Depending on the requirements of the employer, a Master’s degree in Chemistry is typically sufficient for many applied research positions. To become an agricultural chemist who works in research and university teaching positions a PhD in Chemistry is needed.


Agricultural chemists must also complete continuing education throughout their careers in order to keep their skills current stay up to date with advancements in the field.





How to Get a Job as an Agricultural Chemist

Now that you have a degree, a career focus, skills in biology and research experience, you're ready to become a professional agricultural chemist! The last thing you have to do is nail the interview...once you earn one.


Your last step to becoming an agricultural chemist is to make a list of possible employers and suitable positions, and start handing out resumes. Do your research and figure out which companies are hiring chemists and related positions; these employers will be in a variety of sectors.


Tip for Success: Agricultural chemists jobs in research are typically very competitive, so ensure you have a lot of research experience on your resume!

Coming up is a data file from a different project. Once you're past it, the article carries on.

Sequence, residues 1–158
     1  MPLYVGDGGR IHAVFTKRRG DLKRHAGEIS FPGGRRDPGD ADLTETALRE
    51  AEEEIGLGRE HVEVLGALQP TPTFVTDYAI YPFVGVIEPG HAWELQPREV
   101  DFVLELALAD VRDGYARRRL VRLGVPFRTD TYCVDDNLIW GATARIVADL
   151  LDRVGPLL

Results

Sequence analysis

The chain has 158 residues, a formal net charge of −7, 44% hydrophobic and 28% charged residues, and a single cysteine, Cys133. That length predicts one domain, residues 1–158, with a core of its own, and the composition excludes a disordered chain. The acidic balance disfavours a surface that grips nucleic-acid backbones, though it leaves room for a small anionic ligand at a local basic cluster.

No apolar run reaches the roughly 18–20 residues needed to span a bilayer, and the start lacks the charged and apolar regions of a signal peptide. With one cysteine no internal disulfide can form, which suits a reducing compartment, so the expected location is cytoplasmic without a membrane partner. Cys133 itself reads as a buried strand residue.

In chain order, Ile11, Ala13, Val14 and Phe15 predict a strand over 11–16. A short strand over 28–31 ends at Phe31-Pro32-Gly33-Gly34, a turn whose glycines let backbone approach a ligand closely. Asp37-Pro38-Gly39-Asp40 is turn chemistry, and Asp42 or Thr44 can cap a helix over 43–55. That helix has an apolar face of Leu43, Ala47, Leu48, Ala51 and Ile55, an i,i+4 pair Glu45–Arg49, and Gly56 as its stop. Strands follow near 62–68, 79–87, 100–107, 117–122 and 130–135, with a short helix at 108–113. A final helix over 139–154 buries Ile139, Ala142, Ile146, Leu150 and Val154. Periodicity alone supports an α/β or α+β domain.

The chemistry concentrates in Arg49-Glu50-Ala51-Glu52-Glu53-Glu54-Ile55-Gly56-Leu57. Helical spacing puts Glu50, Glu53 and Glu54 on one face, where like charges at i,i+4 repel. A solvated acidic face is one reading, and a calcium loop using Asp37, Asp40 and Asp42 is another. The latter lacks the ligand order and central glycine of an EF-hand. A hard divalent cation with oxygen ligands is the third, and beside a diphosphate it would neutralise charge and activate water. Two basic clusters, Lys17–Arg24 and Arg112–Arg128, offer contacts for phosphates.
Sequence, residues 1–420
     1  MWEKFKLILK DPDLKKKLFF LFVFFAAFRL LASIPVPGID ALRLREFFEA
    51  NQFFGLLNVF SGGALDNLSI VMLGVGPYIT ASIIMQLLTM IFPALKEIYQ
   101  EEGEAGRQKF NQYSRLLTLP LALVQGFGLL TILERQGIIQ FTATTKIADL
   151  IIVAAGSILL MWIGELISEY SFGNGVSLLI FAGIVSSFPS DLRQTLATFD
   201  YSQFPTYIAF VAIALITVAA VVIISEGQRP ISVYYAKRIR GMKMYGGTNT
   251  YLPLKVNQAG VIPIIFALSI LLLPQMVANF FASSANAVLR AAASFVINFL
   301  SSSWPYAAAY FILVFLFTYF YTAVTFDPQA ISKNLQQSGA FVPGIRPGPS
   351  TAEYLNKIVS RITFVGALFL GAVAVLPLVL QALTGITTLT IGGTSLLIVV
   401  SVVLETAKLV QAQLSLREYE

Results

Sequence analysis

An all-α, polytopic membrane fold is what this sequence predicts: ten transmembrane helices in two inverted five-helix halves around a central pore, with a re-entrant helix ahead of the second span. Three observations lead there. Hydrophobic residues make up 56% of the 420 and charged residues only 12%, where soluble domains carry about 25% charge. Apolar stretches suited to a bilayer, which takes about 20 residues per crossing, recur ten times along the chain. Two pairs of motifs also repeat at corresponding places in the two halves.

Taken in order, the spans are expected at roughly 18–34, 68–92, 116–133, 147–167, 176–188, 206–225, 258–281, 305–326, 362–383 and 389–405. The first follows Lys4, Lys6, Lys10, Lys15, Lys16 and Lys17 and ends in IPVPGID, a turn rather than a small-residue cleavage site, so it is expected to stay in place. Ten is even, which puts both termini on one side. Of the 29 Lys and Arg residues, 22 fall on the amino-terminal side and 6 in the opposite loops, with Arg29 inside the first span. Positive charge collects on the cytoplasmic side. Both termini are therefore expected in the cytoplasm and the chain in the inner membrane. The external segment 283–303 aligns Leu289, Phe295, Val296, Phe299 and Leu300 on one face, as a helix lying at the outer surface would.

Who Hires Agricultural Chemists?

There are employers representing different sectors of industry that are interested in the specific skill set and knowledge base of agricultural chemists. Below is an example of the types of employers that hire agricultural chemists.


• Agricultural divisions of chemical companies

• Colleges and universities

• Food companies that produce genetically modified foods

• Government agencies and departments, such as the USDA, the FDA, and the EPA

• Private research firms





Working Conditions in This Profession

Agricultural chemists are typically required to in a laboratory setting. They are often required to use specialized equipment and hazardous chemicals.